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'" TUB GARDEN ISLAND, TUESDAY, 'FEB. 8, 1921
Issued Every Tuesday
KENNETH C HOfrPKR
FEBRUARY 8. 1921
Wl'AT TO DO WITH
Tie letters published in this issue, under
iiuo her Lead, in regard to the treatment of de
linquent children call attention to a matter
wlii h deserves tilt most careful consideration
of t.ie intelligent public.
Criminals are tht most expensive and undes
irable product that any community can raise,
and any plan which will reduce that output
will be not only a worthy humanity, but also
a m.ghty good investment.
I i spite of all the investigations, and all
the promises of reform, the Industrial School
for Hoys still remains a deplorable failure, as
the governor frankly admits. Evidently it is
a difficult problem, one to be approached war
ily and with an open mind.
While we are in hearty sympathy with any
constructive effort to deal with the situation,
we -ould suggest that an intelligent commis
sion should study the matter and work out
sonii; promising plan of solution, iu order we
may avoid the pitfalls into which other such
institutions have fallen.
V'c would commend "most heartily the iniel
ligent interest which Judge Achi takes in the
matter, and would bespeak for him a careful
and sympathetic hearing.
Prophecy in the sugar business has, been
' suc'i a signal failure of late that we are natur
ally suspicious of any forecast, however modest
it ii.ay be. However, here is the way "Facts
Abcut Sugar" looks into the future, and what
it sees. Take it for what you think it is worth.
The Cuban crop will be smaller than last
year; that much is pretty well assured. The
home crop will be about the same. There will
not be any large invasion of foreign sugars into
our home field this year, as there was last,
for the simple reason that there will be no high
prices to attract them. It was the phenomen
al -high prices of last year that brought down
our house of fortune about our ears and
wrought our ruin. The supplies in sight prom
ise iibout 8G founds of sugar per capita, which
with present prices, is a very moderate supply.
Present indications are that 11)21 .will be
marked neither by a serious shortage iior by a
disconcerting over-supply. Prices should
strengthen gradually and should show less ex
treme fluctuations than last year.
I) factlt should be more nearly a normal
sugi r year than any we have had since the be
ginning of the world war.
HIGHER RATES ALL AROUXD
O ir tax rate takes another jump this year.
It vas 2.;:C4 last year, now it is 2.90."
Tl e other Islands are having a similar ex
perience. Maui goes Kauai one better, with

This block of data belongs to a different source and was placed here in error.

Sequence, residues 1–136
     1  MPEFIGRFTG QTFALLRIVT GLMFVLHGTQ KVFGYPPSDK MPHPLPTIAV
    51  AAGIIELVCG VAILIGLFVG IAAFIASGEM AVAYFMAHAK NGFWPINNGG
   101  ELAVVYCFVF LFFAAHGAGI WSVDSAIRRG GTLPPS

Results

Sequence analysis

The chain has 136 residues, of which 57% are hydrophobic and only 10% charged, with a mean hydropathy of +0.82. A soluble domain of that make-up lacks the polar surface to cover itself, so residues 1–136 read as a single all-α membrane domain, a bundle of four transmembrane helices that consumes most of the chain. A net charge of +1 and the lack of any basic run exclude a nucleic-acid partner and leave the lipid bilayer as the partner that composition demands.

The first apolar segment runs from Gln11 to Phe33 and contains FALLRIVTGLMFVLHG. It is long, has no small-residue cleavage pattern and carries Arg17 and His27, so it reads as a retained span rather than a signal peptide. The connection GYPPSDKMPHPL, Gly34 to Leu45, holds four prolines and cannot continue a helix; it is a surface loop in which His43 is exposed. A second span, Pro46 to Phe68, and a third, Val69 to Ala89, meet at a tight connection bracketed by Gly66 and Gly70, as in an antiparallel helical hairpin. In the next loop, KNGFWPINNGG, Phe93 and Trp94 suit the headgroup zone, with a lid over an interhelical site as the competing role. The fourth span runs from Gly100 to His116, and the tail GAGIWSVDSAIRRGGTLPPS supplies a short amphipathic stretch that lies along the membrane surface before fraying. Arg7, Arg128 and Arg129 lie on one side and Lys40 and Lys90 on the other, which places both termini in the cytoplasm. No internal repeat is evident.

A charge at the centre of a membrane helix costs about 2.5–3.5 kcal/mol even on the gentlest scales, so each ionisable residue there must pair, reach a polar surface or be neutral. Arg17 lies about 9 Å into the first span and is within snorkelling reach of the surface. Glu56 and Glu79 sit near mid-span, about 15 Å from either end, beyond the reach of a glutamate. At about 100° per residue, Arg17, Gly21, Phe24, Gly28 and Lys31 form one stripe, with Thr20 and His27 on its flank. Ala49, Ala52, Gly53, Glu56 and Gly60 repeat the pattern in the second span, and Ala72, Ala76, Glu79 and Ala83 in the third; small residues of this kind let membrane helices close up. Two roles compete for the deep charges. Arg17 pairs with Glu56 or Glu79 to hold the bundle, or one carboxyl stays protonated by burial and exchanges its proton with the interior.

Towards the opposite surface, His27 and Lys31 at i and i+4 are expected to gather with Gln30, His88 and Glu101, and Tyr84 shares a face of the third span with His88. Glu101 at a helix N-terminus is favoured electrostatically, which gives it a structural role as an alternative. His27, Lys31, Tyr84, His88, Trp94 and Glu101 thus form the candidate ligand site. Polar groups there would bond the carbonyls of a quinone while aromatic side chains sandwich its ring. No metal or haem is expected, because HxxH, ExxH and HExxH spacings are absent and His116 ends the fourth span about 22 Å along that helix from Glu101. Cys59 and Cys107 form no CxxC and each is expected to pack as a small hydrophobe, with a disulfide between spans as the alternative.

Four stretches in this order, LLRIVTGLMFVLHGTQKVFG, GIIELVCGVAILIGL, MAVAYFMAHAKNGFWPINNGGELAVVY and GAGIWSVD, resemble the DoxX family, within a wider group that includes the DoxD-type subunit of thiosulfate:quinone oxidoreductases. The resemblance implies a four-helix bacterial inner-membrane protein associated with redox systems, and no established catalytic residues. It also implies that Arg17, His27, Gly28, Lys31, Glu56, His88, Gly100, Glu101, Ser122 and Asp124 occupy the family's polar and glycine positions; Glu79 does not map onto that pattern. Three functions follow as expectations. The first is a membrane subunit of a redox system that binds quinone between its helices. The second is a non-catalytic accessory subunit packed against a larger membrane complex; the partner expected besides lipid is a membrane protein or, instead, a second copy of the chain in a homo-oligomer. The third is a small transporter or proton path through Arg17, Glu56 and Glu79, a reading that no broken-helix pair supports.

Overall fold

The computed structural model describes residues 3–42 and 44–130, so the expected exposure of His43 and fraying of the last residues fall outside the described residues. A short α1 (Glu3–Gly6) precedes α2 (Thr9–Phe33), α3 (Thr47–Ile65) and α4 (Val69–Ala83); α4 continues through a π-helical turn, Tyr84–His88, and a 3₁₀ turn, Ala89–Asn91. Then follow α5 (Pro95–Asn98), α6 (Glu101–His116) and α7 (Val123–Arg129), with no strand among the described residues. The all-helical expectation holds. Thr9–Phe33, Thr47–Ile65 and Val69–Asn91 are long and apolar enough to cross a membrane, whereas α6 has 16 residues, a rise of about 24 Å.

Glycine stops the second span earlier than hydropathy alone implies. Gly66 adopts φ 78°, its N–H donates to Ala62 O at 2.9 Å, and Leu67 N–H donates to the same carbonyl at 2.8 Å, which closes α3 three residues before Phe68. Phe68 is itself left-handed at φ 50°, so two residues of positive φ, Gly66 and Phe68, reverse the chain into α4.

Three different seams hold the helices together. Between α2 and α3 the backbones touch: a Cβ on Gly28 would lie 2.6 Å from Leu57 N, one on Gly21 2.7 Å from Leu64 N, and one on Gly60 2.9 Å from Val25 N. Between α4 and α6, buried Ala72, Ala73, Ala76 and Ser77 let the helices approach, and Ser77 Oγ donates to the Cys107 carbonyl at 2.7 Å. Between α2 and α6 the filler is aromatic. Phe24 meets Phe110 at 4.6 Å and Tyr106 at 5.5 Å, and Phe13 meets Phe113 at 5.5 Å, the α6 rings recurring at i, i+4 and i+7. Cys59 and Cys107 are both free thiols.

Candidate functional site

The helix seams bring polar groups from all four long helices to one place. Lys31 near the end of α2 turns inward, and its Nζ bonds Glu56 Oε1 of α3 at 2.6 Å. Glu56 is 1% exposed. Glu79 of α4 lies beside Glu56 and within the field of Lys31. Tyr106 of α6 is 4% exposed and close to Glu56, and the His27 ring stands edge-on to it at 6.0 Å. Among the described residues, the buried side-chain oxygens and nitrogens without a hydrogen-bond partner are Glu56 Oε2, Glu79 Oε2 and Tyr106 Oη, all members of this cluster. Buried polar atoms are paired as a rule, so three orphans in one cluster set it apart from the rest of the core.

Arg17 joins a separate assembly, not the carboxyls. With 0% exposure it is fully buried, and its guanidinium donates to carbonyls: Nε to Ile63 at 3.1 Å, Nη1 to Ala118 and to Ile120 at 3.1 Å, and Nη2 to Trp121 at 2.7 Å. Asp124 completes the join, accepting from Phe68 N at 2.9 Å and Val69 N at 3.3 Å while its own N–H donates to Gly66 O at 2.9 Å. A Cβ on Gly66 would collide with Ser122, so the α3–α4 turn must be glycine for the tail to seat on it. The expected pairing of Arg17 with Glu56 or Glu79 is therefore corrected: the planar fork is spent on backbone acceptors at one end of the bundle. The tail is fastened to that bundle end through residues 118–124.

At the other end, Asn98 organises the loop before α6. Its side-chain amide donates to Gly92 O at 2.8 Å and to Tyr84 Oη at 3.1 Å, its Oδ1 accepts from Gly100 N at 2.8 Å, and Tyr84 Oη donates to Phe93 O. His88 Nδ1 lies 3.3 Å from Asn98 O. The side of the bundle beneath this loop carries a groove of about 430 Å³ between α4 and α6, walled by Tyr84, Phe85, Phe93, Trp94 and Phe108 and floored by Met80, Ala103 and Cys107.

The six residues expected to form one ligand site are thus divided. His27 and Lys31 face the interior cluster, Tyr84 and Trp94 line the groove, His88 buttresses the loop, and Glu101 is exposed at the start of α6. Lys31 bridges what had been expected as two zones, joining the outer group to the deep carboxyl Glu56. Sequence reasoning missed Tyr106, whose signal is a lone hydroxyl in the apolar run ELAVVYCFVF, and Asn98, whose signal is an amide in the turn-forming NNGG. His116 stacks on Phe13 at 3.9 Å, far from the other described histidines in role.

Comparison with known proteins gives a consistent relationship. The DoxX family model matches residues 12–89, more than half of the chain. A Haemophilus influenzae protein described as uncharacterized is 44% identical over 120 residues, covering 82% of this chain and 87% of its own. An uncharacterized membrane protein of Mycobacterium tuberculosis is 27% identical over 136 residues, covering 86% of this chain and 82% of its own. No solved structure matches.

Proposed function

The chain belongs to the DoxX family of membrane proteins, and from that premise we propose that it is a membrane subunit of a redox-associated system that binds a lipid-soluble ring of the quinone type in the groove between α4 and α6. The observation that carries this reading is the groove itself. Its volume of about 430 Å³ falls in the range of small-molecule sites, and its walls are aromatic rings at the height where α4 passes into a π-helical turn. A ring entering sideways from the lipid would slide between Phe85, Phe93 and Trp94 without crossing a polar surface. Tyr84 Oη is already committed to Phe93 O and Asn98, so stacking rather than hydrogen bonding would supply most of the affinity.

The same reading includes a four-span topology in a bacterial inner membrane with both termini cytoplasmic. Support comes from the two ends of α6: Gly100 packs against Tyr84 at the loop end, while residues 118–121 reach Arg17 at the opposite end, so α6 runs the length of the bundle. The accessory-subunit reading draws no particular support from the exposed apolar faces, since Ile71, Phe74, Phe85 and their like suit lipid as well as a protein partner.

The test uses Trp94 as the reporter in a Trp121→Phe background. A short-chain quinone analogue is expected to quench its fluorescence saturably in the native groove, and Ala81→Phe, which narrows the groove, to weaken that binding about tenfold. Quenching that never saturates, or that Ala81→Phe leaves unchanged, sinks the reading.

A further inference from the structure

a rate of 2.94, while Hawaii is content with
2.74, and Oahu with 2.57.
Ti e respective increases are; Maui 0.83,
Kaiui O.GIIG, Hawaii 0.47G, and "Oahu 0.28.
Maui is at the head othe class, with Kauai
It stands to reason, of course, that we cannot
have public improvements without paying for
theu.. If we will have roads, and bridges, and
schoils, and waterworks, and all the other
necessities and comforts of civilized life, we
nius just pay for them, and there is no use
Tl'ese things have been, and still are, phe-
nonoially expensive. In addition to this the
falli tg price of sugar pulls valuations down
with it, so that the tax returns are lower. This
inea ;s, of ourse, that the rate must be raised
to mrjet the deficit.
KA HALE O XA ALII
The advent of Princess Kawanamikoa and
the organization of the Hale o na Alii on Kauai
are events worthy of special note because of
what that organization stands for, and what
it is seeking to do for the Hawaiian race.
With a frankness and honesty that are very
eomiiendable, the Princess tells her people
that rhey must look to themselves for prosper
ity, influence, and advancement. IJy means
of industry thrift, intelligence and morality,
they must build up their own fortunes. In a
word, they must "make good."
We understand that the organization is part
ly a mutual benefit society in the interest of
the members, and partly a philanthropic or
ganisation somewhat along the lines of the Red
Ciwk, to assist and relieve need or suffering
anifig the Hawaiians.
Much of the work, however, will be of a con
structive permanent nature, seeking to prevent
and cure the evils rather than give mere tempo
The social charm and grace of the Princess,
as well as her wise tact, make her very popular
among the Hawaiians, and give her much in